Bullying at school is one of the most discussed issues in education and parenting today. According to Stopbullying.gov, a national task force devoted to the prevention of bullying, 39 percent of sixth graders and 28 percent of high school students have been bullied at some point. From teasing in the hallways to outright threats via social media or text message, in recent years bullying has taken on more serious — and devastating — consequences.
Kids who are bullied experience a number of negative issues, including physical and mental problems. Some of the effects of bullying won’t be immediately apparent, but a decline in academic performance tends to be quite noticeable. A change in academic achievement may come on gradually or it may happen abruptly; furthermore, academic performance may wax and wane as bullying occurs or does not occur during various time periods.
Less Frequent Class Participation
Children who are being bullied are often reluctant to draw attention to themselves. Most want to make themselves as inconspicuous as possible, so as to avoid giving their tormentors more fodder for their merciless teasing — or more sinister threats. The desire to become “invisible” often extends to the classroom and causes academic problems. Victims may be less willing to ask questions, for fear of becoming a target, and instead muddle through without a true understanding of what’s being taught. They are also less likely to be forthcoming with answers or insights; when class participation is a part of the grade, that reluctance to participate can be a problem.
Many children who are being bullied simply don’t want to go to school. The stress of being a target can cause actual physical ailments, while in other cases the victim pretends to be ill in order to stay home. Others might skip classes, opting to spend class time hiding out. Regardless of how they manage to avoid school, the effect is the same: students who miss school do not perform well academically. Not only do they miss valuable instruction time, they also miss deadlines, tests and other vital activities that contribute to their learning and academic success.
The rumors. The whispers. The nasty looks. The outright threats. When a student is being bullied at school, the bully’s behavior takes the victim’s attention away from their schoolwork. Instead, the victim is focused on dealing with the negative behaviors, finding ways to avoid the bully and managing the emotions that come with being the target of someone else’s abuse. It’s difficult to concentrate on conjugating verbs or factoring polynomials when you’re focused on salvaging your reputation after someone has spread a vicious lie or when facing the possibility of a physical altercation.
Labels Lead to Negative Cycle
Some experts note that bullying often stems from issues related to competency — those who fall on the extreme ends of the spectrum (either overachievers or underachievers) are generally more likely to be bullied. When students are labeled either way, either by teachers or fellow students, then the chances of bullying increase, which can have a negative impact on the student’s performance. High achievers may deliberately fail or not work to their full potential in order to fit in, while underachievers might feel like they will never do any better, so why bother to try?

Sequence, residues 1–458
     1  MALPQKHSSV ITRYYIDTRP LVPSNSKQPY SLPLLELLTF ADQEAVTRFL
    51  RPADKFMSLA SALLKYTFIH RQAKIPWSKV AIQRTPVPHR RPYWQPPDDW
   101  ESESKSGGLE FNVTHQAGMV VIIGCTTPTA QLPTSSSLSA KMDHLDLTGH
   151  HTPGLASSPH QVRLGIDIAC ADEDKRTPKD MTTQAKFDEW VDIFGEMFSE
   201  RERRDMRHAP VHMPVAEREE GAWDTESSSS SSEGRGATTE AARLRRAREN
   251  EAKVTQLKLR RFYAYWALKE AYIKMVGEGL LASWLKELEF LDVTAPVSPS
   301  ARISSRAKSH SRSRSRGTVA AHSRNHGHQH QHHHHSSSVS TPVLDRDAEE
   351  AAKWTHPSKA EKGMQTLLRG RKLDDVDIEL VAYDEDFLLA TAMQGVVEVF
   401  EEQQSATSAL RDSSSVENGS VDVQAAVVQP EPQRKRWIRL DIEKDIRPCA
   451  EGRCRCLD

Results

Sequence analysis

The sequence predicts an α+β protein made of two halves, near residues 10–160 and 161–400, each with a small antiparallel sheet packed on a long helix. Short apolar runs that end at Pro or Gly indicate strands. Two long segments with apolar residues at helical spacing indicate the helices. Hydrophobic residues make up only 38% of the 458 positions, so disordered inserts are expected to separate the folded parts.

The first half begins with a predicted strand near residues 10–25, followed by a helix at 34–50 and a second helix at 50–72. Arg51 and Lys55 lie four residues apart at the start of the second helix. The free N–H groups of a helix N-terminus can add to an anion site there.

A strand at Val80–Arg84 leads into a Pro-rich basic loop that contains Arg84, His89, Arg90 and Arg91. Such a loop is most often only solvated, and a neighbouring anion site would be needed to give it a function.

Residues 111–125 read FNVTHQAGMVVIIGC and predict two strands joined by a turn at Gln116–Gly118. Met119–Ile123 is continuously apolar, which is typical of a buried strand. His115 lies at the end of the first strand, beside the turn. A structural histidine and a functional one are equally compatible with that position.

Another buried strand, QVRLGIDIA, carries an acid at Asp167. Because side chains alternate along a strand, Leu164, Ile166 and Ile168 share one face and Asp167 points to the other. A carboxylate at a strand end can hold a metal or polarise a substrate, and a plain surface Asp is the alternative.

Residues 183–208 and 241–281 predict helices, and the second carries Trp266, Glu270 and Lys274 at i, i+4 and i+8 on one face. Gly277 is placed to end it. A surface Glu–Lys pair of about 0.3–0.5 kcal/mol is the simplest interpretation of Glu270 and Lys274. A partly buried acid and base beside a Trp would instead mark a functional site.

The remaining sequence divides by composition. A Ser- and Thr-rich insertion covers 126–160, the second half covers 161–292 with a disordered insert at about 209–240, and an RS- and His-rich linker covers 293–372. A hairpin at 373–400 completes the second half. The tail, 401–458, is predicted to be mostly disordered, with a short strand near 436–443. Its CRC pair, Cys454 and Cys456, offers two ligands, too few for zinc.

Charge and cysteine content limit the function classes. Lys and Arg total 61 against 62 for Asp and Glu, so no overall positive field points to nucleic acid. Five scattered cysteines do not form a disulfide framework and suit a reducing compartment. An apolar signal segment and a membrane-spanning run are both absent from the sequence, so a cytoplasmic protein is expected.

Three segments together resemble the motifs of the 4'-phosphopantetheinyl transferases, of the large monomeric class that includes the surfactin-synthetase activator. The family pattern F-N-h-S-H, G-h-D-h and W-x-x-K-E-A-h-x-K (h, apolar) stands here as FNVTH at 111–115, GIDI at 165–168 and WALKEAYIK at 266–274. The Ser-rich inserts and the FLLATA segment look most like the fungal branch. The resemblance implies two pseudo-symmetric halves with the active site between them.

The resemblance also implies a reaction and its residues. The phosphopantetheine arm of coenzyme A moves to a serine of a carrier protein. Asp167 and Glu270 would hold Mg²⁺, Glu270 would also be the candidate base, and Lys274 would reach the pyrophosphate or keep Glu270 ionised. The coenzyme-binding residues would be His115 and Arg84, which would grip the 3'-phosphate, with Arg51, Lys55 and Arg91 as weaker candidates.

In 2011, a study in Virginia found that students who had been bullied generally earned lower scores on standardize achievement tests. While the researchers did not look into specific reasons for the correlation, some theorize that distracted teachers contribute to the problem. Instead of focusing on educating their students, teachers and administrators are often so busy maintaining order and diffusing confrontations that they cannot fulfill all of their student’s educational needs.
What’s Being Done
In response to the growing problem of bullying, most schools have developed policies, procedures and training to give both faculty and students the tools they need to deal with the problem. Parents are also being included in the education, and learning how to recognize the signs that their child is being bullied — or is a bully. Local programs offered outside of schools, through nonprofit organizations, community groups and local police forces, are also addressing the problem by educating the community on how to stop bullying and developing new and stricter laws to protect victims.
There are some people who believe that incidents of bullying have not increased in recent years, and that people are simply paying more attention to them now than in the past. In any case, we owe it to our children and their academic success to be aware of the problem and take steps to prevent it.
About the Author: Lauri Hammond holds a master of public administration degree and is also the director of a nonprofit organization that works with young teens. Having seen firsthand the effects of bullying, advocacy has become her forefront mission in the fight against bullying in schools. Click here for more information about public administration degree programs.